Charles ‘Chuck’ Smith is coming to the end of his first and – with a lack of support from the Election Committee, a barely existent re-election campaign and poll ratings so low they can barely be seen – final term as American President. He is less than happy about the situation and the news that he will not even get a library when he leaves is the last straw. He decides that he must be re-elected, even if that means making shonky deals with local Native Americans, calling his sick speech-writer into the office and extorting funds from the nearest available source.
The set, from Victoria Lamb, is a very good representation of the Oval Office, capturing its best known features and opulence. The lighting (Mark Pennington) is well adapted to suit the time of day visible through the large windows behind the President’s gorgeous carved timber desk. Together they set the scene well.
Gary McDonald’s portrayal of Chuck brings to mind a petulant and spoilt child. While this is probably an accurate interpretation of the character as written and there is a lot to enjoy in the performance, it does get a tad grating. As his brown-nosing but slightly more world-aware personal adviser Archer Brown, Peter Michell is suitably unctuous. The character of Clarice Bernstein (Barbara Lowing) – Chuck’s speech writer who chooses to use his desperation to her own advantage – is written and played for laughs, however the interactions between her and Chuck seemed inconsistent and, at times, pointless.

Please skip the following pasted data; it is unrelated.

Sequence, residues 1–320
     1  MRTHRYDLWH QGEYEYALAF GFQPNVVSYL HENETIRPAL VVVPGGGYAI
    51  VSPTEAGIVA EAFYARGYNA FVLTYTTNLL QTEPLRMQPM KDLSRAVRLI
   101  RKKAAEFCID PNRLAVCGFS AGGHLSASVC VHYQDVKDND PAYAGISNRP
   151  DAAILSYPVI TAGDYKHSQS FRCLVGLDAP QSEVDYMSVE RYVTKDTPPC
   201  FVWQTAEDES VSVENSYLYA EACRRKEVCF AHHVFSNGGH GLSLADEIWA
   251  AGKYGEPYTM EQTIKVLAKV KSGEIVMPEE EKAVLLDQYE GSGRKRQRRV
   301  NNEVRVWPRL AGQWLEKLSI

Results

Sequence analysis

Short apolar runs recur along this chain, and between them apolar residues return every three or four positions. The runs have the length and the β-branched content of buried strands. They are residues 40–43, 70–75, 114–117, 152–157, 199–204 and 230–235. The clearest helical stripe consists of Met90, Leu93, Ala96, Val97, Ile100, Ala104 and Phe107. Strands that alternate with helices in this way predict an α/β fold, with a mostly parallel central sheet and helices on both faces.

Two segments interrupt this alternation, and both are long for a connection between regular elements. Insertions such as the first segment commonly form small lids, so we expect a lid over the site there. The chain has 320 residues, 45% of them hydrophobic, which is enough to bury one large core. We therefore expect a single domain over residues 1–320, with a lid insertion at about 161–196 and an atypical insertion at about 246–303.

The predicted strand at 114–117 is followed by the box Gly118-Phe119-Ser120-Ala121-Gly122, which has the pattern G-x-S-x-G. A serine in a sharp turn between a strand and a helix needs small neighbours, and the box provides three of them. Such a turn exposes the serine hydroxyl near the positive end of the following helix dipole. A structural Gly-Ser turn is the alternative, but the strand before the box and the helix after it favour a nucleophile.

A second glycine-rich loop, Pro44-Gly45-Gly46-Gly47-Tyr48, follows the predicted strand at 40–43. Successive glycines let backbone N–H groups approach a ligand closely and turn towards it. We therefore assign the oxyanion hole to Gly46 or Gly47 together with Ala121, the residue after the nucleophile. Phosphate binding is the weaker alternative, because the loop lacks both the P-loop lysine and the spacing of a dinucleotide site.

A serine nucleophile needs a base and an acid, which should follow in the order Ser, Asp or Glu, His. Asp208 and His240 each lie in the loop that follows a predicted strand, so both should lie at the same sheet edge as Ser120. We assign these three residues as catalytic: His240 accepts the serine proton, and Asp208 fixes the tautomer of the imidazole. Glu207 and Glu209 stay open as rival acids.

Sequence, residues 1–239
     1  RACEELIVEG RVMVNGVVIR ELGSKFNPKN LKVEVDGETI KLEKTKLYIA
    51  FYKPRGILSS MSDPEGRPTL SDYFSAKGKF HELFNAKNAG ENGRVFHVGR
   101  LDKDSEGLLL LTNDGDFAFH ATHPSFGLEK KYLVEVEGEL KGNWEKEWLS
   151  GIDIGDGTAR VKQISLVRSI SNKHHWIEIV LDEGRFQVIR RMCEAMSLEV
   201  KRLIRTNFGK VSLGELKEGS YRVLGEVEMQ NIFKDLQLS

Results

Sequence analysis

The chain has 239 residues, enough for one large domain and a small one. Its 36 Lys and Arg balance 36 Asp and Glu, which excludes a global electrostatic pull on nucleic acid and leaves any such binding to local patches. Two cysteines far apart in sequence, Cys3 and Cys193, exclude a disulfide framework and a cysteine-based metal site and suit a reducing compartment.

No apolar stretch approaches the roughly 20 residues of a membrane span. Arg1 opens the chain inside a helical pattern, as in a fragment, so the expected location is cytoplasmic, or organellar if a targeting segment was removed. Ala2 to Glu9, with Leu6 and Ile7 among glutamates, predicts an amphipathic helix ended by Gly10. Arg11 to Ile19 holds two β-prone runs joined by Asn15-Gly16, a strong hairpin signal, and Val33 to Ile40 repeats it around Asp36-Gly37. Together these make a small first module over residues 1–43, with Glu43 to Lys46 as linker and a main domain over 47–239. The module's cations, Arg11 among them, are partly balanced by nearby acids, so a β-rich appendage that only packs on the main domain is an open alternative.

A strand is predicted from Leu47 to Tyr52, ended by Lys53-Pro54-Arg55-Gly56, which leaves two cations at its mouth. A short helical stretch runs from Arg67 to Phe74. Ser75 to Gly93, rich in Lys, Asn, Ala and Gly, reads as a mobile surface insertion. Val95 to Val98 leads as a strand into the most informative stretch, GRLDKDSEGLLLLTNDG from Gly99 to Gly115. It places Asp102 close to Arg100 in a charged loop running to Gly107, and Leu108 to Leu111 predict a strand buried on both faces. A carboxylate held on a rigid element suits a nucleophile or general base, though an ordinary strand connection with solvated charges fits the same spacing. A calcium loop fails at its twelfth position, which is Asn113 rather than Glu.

Michael Habib embodies “the turkey representative” well, creating a man who is not overburdened with intelligence himself and lives for his turkeys. In him, Chuck may have found the Cash Cow he needs to be able to buy enough air-time to convince the American people to vote him back in. Jason Chong fills the small and less than inspiring role of Chief Dwight Grackel, adequately. While all of the actors do a decent job with their individual characters, there is no overall cohesion as an ensemble and the energy is sadly lacking for the majority of the show.
The humour in this play seems to rely on the old adage “it’s funny because it’s true”, however it misses the mark slightly due to everything being so over the top that it becomes too unrealistic. The lack of energy also detracted and the American accents used appeared to affect the actors’ projection, making it difficult to hear and understand some of the dialogue (and jokes). Though not a triumph, there is potential in this show and hopefully as the run goes on, the energy will rise and it will be fulfilled.
Kryztoff Rating: 3K
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